Planting indigenous plant species is one way to lessen the negative effects of gardening upon the environment. Typically, indigenous flowers and plants are suited to the environment, atmosphere, and soil so they require less maintenance than non-indigenous plants. This means there will be less

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  5. The key to garden waste recycling – what can and can’t be composted

    Many people do not know that there is an art to composting. Though it is relatively easy to do, there are specific steps to getting the process right. Making good compost is a pleasure while a poorly maintained heap of compost can be a really bad experience.

    When it comes to creating compost for the garden there is a great deal of information available. Some of the information may even seem to contradict what another source says. However, there is an abundance of consensus on what items are good and not good for use in home compost.

    Most people also agree that composting is the first true step towards green gardening. In fact, home-made compost is a personal on-site and biological recycling system. Compost is the real beginning of healthy soil because the compost recycles nutrients and builds the structure of the soil. This improves water retention and/or drainage as needed by the garden. In addition to the benefits composting provides the garden, when done correctly

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  6. 15 upcycle ideas for your garden

    15 upcycle ideas for your garden

    There will always come a point when items need to be replaced with something newer and more effective. Rather than throwing away your old garden tools, kitchen utensils and storage containers, why not try upcycling them into something new that could either be a decorative piece or a practical item for use elsewhere.

    Checking out upcycle ideas is a great starting position that allows you to browse a number of well-established ideas and see what upcycling is all about and to get a taste of where you can go with this concept.  Some of the best ideas are listed below:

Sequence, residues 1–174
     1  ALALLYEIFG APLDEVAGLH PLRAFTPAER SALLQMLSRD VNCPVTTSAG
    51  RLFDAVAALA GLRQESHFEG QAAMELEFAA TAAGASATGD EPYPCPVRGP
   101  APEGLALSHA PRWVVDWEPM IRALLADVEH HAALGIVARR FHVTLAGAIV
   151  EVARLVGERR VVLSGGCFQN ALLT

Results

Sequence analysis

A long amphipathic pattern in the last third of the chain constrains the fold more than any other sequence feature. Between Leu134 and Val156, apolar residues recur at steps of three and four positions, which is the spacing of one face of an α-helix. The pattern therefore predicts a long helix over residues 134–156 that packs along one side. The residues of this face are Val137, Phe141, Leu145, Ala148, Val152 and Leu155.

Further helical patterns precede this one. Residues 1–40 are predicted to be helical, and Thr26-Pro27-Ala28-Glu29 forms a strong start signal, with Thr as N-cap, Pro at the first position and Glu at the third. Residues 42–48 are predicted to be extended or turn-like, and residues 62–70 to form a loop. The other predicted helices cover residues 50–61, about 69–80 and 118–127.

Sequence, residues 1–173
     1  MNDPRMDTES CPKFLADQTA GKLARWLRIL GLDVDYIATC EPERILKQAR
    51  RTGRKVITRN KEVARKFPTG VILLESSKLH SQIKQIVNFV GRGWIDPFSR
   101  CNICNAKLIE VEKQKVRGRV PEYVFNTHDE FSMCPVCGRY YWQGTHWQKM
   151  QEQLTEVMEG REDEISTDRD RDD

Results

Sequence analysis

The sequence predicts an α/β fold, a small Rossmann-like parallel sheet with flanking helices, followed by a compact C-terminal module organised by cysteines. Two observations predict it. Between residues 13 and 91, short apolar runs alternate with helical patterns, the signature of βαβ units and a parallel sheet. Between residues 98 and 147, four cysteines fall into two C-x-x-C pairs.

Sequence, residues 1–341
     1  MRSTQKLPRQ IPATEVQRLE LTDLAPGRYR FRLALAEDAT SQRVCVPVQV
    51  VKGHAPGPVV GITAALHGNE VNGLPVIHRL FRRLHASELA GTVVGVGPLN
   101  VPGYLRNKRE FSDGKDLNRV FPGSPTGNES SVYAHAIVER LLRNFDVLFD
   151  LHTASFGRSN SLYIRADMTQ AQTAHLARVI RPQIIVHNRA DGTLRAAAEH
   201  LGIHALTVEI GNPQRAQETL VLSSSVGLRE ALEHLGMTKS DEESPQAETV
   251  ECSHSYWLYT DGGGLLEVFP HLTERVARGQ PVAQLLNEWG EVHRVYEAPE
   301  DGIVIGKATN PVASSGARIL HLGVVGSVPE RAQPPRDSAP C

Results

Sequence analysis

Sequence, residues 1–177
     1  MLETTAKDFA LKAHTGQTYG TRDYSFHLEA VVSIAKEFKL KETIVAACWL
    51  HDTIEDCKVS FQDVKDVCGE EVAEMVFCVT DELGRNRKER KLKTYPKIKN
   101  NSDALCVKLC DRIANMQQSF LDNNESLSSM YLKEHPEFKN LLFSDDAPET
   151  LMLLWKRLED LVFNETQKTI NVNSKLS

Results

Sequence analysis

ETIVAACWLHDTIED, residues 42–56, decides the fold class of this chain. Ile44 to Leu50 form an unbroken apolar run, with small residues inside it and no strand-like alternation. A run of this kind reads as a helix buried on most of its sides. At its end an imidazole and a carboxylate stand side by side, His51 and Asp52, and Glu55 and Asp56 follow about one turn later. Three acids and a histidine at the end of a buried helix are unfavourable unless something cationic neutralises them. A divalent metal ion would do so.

1. Using an old, possibly unstable ladder to hold flowerpots and trestles. This will make the most of any space you have in your garden; a vertical arrangement is practical if you have a small space and it is very forward-looking too.
    2. A number of household objects can be used as mini greenhouses and various ideas are showcased across these websites; light bulbs, plastic bottles, washed ou
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  7. Growing your own food

    Growing your own food

    We all love our gardens or would love to have one. There's nothing better than being sat in your summer house and admiring our work.

    There is, however, a growing movement towards grow food from a very urban setting in the UK. From growing carrots to courgettes, tomatoes or even squashes, the function of our gardens is changing.

    There are many benefits from growing your own food. For one it will reduce your weekly shopping bill, but will also cut your carbon footprint. No to mention the health benefits from all the outdoor exercise you'll get.

    Last week, the Metro reported on a community scheme in the small town of Todmorden in West Yorkshire. The scheme has involved using public land to grow food, which is freely available to the public. Volunteers tend to the many trees and vegetable patches throughout the town.

    You won't need a whole town to get started, you don't even need a large garden. You can grow food in a mini greenhouse, planter or window bo